#FeatureFRIYAY August: new charts, a new hierarchy editor and more!
Posted On 31/08/2018
September is around the corner. Children – and parents – are preparing for the new schoolyear, and business will pick up as usual after the holidays. Time to get fully up to speed again! To give you an update on what happened in Cumul.io last month, here’s a short overview of our August product updates.
Hierarchy editor 2.0
Are you looking for a way to create a hierarchy on top of your existing flat data? It was already possible in the past, but now we’ve made it even easier to edit hierarchies. We’ve launched a ‘revamped’ version of our hierarchy editor! With simple drag & drop, you can create sub-levels for all your columns, and group together any values you’d like.
For example, let’s say you’re looking into your sales funnel. You want to make a distinction between deals that have been closed, and those that are still ongoing. If your dataset doesn’t reflect that distinction by default, then you can easily add 2 sub-levels: ‘ongoing’ and ‘closed’. Then simply drag the right values below each category. Check out the short demo below:
We’ve been working continuously on our platform’s performance, to make sure you have the best experience while creating and integrating Cumul.io dashboards.
Thanks to recent improvements, we were able to further speed up the loading times for dashboards and charts. Especially within dashboard or chart integrations, the charts will now need minimal loading time, to ensure a seamless experience for your end-users, within your platform or portal.
New charts: Sankey vs. Alluvial diagram
We’ve added 2 new charts to our library: the sankey & alluvial diagrams! They are perfect for visualizing how your data flows from one category to another. But what’s the difference between sankey and alluvial?
The sankey diagram visualizes the flow from a source to its destination. For example in the chart below, you’ll see how different sources of energy find their destination in energy use. You can easily spot that wind & thermal generation are the largest providers for the electricity grid. But at the same time, more than half of the thermal generation results in losses.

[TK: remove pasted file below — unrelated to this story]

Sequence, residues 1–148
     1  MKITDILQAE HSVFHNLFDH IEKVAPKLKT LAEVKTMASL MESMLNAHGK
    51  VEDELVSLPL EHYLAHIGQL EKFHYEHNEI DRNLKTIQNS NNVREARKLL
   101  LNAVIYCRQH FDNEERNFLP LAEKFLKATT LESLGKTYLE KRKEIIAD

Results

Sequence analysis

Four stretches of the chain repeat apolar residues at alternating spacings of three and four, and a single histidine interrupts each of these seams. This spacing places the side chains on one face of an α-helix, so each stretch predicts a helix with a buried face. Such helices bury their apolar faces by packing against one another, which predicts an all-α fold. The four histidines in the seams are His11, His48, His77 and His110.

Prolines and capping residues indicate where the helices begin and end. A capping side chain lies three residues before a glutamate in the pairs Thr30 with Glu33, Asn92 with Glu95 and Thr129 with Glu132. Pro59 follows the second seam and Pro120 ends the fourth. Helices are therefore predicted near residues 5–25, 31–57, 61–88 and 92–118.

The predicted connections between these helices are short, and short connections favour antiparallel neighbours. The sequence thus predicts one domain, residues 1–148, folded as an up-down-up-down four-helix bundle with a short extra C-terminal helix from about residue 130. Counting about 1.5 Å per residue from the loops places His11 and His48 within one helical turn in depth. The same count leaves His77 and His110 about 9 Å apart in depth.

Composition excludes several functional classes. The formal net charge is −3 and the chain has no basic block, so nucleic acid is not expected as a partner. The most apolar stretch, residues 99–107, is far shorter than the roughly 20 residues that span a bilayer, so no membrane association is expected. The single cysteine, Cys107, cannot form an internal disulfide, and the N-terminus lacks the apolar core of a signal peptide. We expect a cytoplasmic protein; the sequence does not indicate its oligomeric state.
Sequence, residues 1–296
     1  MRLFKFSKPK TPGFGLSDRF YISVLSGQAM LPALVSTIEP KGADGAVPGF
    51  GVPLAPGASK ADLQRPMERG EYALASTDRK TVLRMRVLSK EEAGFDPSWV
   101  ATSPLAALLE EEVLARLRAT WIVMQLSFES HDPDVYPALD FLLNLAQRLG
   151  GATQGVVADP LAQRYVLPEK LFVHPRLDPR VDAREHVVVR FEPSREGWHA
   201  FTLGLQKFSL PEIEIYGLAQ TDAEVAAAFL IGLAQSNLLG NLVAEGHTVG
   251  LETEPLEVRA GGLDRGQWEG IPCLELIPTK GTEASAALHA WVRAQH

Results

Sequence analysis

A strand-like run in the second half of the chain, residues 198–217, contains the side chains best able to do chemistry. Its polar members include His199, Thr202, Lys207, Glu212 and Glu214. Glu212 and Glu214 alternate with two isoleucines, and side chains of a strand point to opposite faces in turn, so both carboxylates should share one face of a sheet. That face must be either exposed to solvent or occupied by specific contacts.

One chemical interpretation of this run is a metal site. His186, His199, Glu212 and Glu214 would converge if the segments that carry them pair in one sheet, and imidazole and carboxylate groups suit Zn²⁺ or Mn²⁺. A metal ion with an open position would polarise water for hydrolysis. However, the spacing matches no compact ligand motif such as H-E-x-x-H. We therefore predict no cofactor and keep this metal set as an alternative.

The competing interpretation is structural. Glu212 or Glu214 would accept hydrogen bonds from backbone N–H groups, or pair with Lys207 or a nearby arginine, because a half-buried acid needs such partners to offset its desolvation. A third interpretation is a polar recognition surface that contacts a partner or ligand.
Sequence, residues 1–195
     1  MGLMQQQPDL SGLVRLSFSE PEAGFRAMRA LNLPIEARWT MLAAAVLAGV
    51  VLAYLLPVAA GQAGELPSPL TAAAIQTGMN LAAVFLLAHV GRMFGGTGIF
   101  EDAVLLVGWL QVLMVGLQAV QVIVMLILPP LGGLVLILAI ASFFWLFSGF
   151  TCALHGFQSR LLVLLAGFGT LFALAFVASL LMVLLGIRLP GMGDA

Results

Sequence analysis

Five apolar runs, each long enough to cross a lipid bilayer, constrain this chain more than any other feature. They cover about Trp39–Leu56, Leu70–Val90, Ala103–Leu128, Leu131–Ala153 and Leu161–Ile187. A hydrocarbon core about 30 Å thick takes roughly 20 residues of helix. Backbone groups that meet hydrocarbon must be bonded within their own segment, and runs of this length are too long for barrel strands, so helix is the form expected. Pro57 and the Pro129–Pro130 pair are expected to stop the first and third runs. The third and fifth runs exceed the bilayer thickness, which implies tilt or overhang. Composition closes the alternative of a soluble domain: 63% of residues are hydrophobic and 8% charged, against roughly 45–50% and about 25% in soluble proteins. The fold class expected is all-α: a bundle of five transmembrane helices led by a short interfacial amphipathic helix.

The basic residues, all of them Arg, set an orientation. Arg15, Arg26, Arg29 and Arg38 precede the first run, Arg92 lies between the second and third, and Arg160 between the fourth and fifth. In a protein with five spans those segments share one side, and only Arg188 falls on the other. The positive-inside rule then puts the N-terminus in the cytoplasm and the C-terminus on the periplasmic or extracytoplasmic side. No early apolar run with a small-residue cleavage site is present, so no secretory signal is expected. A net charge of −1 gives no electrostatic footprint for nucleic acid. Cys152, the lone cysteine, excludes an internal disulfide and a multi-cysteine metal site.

The ‘arrows’ in the chart are typically proportional to the quantity of the flow. In that way, you can easily see which specific element has contributed the most within that flow. In addition, you can move the nodes within the chart interactively – just try it out above!
Rather than source-destination, an alluvial diagram shows the changes between different categories in your dataset. The biggest visual difference with sankey is the magnitude of the arrows: while sankey gives an indication of the quantity, the alluvial diagram will rather show the proportions of the distribution for each category. Flows are visualized from one category to another.
So, the alluvial diagram helps you interpret how your system is distributed, and more easily spot correlations between your categories. In the example above, we visualized the deaths on the Titanic by age and traveler class. As you can see, proportionally more male than female passengers died. In addition, the chart seems to indicate that people travelling in 3rd class had a higher chance of not surviving the Titanic sinking.
Extra functionalities in existing charts
We’ve added a couple of extra features to our existing charts. See what’s new!
Choropleth maps are now even more interactive
The choropleth map is our most used map chart by far, so we decided to add an extra feature to it. Just like you can filter interactively on a bar chart by clicking one of the bars, you can now do the same with your map!
Want to filter your dashboard to show only data for certain countries, provinces, cities? Simply click on your map and it’s done! You can enable or disable the interactivity feature in your chart settings.
Adapt the axis of your line charts
Showing a variable y-axis in a line chart has been a topic of controversy within data visualization. Many argue that it exaggerates what the data is really saying. However, when showing an evolution in time, sometimes it just makes sense to have your y-axis start from a different value than zero. Think of values that never drop to zero, like human body temperature.
From that perspective, our line chart now allows you to add a variable axis, which will start your y-axis at the minimum, and end it on the maximum of your measure.
In the case below, you’ll see the evolution of the number of school students. Since the lowest number of students is around 200.000, your trend line will become much more visible when enabling the variable axis.
Can’t wait to start using these new features? Simply go to your Cumul.io account and start playing around. Happy exploring!